Manuel, 9, has an old ball with which he plays football every day in the countryside. He dreams of becoming a great goalkeeper. His wishes seem set to come true when Ernest, his father, ... See full summary »
Manuel, 9, has an old ball with which he plays football every day in the countryside. He dreams of becoming a great goalkeeper. His wishes seem set to come true when Ernest, his father, gives him a new ball. But an unexpected accident sends the ball flying into a minefield. Despite the danger, Manuel refuses to abandon his treasure... He convinces Julián and Poca Luz, his two friends, to rescue it with him. Amid the adventures and kids' games, the signs of armed conflict start to appear in the lives of the inhabitants of 'La Pradera'. Written by
Los Colores de la Montaña (The Colors of the Mountain) is one of the more delicate and sophisticated films to deal with warring factions in South American countries to come along in a long time. Written and directed by newcomer Carlos César Arbeláez this story is wise because it explains the work through the eyes of children: perhaps that is the best way to understand the conflicts that flood the planet at present.
Set is the lush and picturesque mountains of Colombia, we gradually discover through the games of the children that there are two factions struggling for power in this remote area - the military of the government and the reactive guerrillas. Manuel (Hernán Mauricio Ocampo) is eight and loves soccer even though his soccer ball is an old collapsed mess of toy. He and his friends Julián (Nolberto Sánchez) and the little albino boy Poca Luz (Hernán Méndez) play soccer anyplace they can. Manuel also tends to his duties as a farmer's son (his father is devoted to him, sharing the chores, and protecting him and his wife and baby from the bilateral dangers of the military and the guerrillas): his parents reward him on his ninth birthday with a new soccer ball and gloves. Very proud, Manuel shares his treasure with his friends but accidentally the ball lands in a minefield (the result of the military invasion) and becomes inaccessible. The boys challenge Poca Luz to retrieve it but he fails. A new teacher comes to the village and brings order to the chaos the children feel. Discovering that Manuel colors pictures of his countryside in his notebook the teacher decides to use his talent that that of his friends to paint over political graffiti smeared on the schoolhouse: she loses her job. Rebel forces and military forces enter the village and families are forced to evacuate - but Manuel manages to recover his treasured new soccer ball in the midst of the senseless fighting the adults of his world are staging. After all, what is really important?!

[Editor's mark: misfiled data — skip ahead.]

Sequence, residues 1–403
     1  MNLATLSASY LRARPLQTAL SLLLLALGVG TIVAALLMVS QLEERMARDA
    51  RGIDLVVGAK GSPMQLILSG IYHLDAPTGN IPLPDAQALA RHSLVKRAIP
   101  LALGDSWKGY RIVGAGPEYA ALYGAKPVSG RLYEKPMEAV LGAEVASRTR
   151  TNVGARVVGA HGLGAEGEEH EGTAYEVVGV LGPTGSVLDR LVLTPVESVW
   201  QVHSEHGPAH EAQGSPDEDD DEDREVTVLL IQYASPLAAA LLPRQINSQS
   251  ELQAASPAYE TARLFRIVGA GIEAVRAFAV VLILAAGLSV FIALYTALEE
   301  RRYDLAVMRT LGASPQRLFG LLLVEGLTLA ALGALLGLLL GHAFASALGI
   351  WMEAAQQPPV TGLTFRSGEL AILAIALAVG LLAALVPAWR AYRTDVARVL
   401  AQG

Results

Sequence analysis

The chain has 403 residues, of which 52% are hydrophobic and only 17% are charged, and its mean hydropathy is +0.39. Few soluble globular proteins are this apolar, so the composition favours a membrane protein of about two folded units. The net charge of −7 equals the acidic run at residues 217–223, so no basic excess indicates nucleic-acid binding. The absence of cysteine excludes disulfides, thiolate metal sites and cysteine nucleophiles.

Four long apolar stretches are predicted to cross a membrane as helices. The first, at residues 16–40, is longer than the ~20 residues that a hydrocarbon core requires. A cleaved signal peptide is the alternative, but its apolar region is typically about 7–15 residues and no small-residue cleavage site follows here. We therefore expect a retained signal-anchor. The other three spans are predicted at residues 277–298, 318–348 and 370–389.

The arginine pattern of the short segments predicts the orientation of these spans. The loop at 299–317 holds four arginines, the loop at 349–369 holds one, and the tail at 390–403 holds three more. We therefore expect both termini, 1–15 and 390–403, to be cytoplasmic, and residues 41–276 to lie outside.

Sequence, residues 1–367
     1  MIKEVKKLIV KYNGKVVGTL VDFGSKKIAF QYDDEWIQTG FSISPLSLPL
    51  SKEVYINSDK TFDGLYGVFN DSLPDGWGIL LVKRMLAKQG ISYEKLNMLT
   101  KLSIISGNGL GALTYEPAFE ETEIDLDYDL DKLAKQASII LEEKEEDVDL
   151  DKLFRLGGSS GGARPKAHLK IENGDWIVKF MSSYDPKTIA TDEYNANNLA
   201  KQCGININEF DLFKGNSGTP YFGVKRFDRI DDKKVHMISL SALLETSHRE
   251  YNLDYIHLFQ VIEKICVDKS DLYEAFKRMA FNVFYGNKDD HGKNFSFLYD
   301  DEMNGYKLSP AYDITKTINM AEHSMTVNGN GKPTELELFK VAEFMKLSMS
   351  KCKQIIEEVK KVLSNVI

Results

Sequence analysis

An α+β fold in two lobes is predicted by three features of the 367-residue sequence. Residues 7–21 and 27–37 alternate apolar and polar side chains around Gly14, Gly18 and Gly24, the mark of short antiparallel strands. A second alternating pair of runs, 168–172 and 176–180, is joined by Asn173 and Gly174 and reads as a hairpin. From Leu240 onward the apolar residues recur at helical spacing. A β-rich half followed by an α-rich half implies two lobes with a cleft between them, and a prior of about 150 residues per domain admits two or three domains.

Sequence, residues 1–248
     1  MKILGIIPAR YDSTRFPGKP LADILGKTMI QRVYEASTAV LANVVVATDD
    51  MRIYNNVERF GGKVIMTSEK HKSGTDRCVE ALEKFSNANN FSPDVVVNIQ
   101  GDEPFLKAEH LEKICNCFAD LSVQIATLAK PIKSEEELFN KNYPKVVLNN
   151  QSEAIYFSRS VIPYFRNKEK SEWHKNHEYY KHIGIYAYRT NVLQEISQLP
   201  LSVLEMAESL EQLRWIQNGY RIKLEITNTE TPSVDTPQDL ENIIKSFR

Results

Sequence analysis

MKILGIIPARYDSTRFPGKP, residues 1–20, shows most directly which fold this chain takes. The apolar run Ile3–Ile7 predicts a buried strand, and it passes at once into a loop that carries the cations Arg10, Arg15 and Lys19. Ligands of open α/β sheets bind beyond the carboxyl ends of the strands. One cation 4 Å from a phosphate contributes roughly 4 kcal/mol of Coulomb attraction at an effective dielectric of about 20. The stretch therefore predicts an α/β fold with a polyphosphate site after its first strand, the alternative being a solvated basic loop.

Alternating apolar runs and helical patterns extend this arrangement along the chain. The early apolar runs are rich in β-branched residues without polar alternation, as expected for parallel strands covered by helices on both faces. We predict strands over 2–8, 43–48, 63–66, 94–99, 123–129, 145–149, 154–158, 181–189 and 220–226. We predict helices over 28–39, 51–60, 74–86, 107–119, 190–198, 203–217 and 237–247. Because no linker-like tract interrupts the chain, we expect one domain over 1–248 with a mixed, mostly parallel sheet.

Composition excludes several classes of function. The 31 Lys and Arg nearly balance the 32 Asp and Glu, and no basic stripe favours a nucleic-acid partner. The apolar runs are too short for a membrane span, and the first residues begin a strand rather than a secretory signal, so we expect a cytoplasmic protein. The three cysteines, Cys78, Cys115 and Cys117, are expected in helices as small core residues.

The acting skills of these children are beautifully straightforward and unforced, thanks to the fine direction of Arbeláez. He manages to tell a tale that is tender, humorous, and meaningful and in the end it is the inherent pure wisdom of children that seems to be the sustaining factor in the little villages of the mountains of Colombia. The lush photography is by Oscar Jimenez. This is a very fine film that has already won awards in festival, but it is a film that is more important that it be shared by a very large audience. In Spanish with English subtitles.
7 of 8 people found this review helpful.
Was this review helpful to you?